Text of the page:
I love days like this.
It started off as a typical Sunday drive (which I take quite frequently) in my little Volvo station wagon out on the open roads outside of the city. It’s very peaceful and during the autumn months the temperature is just perfect. Even during the blistering hot Southern California summers, it is not a bad time to get out and about and enjoy the freedom of being alive.
My name is Leia Daniels. I was twenty-five years old, still a child in many ways, when I met the man who would have the most profound impact on my life, far more than I had ever dreamt of. It is something that I still think about, still dream about, and continue to this day to reflect upon at certain times of the year. I don’t think it will ever leave me and I would not be the person I am today if it ever did. I’m grateful for all of it.
The day started off as any other Sunday. I arose early in my mansion about ten miles outside of San Diego. I have always been an early riser even if I stayed up late the night before, and this morning was no different. I woke up and enjoyed my early morning jog, a quick shower, and a small oatmeal breakfast. The maid and butler both had the day off and I had the house basically to myself. Sometimes I enjoyed the solitude, but most of the time it could get rather depressing and lonely as I remembered how lively the house used to be when my parents were still alive.
I will never forget the day that the dreadful knock came at the door, and the policeman stood there with fear and regret in his eyes as he tried to look me in the eyes, and uttered the words that will ring on in my deepest fears, in the most dreaded part of my memory. “There’s been an accident. Your parents…didn’t make it.”
I was just fifteen years old. I thought I was grown up (or damn near) and that I was mature beyond my years, but at that crushing moment I might as well have been a five-year-old who was now totally alone, totally lost in the world. Nothing in life is as devastating, especially to a child, as the loss of a parent. You are a part of them and they are a part of you; your very essence feels shifted, misplaced. It had happened over ten years ago and I still felt that I was trying to center myself and move forward.
And I was very fortunate in many ways that I have never forgotten or taken for granted. Our long term butler, Walden took care of me. He’d been given guardianship over me in the event that something ever happened to my parents. My father had seen to it that all of his affairs were in perfect order, just in case…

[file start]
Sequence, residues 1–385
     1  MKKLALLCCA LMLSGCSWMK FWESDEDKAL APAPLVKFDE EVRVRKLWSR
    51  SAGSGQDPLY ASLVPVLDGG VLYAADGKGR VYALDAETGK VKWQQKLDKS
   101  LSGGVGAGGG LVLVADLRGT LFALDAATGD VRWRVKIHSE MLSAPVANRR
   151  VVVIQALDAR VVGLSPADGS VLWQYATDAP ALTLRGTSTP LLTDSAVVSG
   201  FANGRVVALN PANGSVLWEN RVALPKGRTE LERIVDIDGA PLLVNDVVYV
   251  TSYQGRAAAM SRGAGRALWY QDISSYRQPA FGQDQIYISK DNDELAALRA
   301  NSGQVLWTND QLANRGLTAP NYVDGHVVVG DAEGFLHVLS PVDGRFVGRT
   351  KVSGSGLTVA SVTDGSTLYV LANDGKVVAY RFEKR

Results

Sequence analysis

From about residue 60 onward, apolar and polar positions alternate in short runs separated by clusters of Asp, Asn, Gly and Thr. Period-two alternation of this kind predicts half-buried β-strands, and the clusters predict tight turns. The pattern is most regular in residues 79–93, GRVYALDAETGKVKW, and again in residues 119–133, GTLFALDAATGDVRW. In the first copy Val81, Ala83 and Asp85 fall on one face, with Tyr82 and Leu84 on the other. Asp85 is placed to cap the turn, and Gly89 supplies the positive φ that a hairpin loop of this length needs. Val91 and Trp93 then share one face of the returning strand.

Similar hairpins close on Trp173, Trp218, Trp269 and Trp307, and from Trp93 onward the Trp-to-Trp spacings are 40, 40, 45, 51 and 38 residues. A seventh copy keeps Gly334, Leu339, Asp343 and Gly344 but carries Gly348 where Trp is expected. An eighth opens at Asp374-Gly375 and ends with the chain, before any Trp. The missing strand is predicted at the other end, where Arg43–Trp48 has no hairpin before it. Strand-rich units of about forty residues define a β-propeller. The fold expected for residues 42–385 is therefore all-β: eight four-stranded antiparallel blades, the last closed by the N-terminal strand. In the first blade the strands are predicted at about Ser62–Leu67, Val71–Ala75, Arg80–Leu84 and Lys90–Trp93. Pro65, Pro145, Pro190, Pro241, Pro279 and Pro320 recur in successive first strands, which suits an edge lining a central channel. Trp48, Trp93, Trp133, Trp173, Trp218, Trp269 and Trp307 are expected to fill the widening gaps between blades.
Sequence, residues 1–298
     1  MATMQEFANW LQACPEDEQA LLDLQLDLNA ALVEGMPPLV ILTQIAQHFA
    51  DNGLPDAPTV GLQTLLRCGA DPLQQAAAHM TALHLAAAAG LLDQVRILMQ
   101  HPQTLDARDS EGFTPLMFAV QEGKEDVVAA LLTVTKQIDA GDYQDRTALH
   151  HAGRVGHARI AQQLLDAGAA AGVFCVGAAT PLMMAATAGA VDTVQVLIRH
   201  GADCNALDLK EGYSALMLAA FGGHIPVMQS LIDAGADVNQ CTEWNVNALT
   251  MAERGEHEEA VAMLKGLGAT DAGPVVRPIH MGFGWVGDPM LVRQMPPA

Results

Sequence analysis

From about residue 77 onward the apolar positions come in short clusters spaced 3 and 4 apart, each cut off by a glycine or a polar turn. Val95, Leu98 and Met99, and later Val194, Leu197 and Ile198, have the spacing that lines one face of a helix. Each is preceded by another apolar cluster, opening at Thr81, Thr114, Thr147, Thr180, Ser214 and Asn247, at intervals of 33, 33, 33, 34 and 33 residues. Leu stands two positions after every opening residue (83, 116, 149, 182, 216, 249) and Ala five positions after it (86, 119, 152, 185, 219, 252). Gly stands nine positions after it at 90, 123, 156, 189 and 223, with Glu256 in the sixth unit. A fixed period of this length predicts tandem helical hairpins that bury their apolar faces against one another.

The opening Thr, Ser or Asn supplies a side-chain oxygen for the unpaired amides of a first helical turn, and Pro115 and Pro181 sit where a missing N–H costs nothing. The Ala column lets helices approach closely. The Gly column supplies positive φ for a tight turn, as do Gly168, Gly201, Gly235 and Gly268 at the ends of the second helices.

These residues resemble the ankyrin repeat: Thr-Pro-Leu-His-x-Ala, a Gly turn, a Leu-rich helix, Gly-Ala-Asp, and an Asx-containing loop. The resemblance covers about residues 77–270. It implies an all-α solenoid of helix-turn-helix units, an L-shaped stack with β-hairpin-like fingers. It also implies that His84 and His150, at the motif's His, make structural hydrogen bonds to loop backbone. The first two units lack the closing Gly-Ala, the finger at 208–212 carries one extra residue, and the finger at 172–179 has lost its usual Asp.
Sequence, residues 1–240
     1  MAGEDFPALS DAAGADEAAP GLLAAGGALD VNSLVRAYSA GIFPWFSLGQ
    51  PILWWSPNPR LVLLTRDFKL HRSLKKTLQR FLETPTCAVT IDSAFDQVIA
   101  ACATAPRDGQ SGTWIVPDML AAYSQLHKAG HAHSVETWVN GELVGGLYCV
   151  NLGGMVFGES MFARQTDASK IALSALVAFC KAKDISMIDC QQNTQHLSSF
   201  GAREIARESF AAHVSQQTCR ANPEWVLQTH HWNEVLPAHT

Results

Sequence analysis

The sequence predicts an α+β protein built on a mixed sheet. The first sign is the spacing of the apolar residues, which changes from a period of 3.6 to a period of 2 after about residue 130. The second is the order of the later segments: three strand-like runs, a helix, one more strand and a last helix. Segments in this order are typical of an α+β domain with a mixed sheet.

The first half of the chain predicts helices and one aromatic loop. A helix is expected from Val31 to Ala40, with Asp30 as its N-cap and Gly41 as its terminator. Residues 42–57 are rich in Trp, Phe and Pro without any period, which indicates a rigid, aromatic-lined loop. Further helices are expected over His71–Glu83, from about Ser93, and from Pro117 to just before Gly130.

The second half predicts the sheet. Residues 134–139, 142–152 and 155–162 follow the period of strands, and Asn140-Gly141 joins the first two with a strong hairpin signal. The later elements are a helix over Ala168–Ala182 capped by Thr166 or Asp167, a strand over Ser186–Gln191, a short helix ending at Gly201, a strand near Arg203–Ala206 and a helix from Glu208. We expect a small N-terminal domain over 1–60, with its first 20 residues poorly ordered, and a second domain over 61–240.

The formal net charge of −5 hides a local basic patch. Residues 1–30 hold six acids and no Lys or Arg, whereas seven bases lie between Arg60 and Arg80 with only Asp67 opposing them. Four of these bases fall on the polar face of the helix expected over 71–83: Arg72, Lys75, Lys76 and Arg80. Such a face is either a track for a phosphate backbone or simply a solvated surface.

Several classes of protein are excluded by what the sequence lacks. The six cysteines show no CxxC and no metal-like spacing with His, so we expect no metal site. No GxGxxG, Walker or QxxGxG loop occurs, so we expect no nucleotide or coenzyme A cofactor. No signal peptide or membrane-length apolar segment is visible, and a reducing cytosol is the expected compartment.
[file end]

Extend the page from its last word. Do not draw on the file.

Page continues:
He couldn’t have known that a tragic car accident would take the lives of both him and my mother that chilly, dark night, but my father was a brilliant businessman and he used all of the skills that he utilized to build and run a successful cosmetics empire and he applied that same zeal and dedication to every single thing that he did in his life. I would inherit the business and I would one day oversee things, as I’d been doing since I graduated from college (as per the agreement my father and his lawyer had drafted up). At twenty-two I did just that, graduating summa cum laude from USC with a degree in Business.
I loved the company my father built and I loved overseeing the day to day operations, but I have never been silly enough to think at my youth and inexperience that I was competent to run my father’s company. Many of the same people that helped him run things when he was alive continued to do so now. They were brilliant and they did a wonderful job. All of them were great people and I’d become very close with them.
That Sunday morning after breakfast I went into the huge garage that was brimming with every type of sports car imaginable and I selected the Volvo. I had a lot of fun with the lavish, luxurious sports cars—they were a hoot—but I didn’t want to be noticed today. On quiet Sundays I liked to drive into town, get a manicure and a pedicure, and head to the Salon to get a touch up on my hair. After that I usually went to the spa to get a massage, and then meet a few of my girlfriends for a round of golf at the country club. Doing many of these things, I didn’t like to attract too much attention. I’ve never been one to seek out validation from other people and I’m actually uncomfortable doing so. I deeply love my privacy.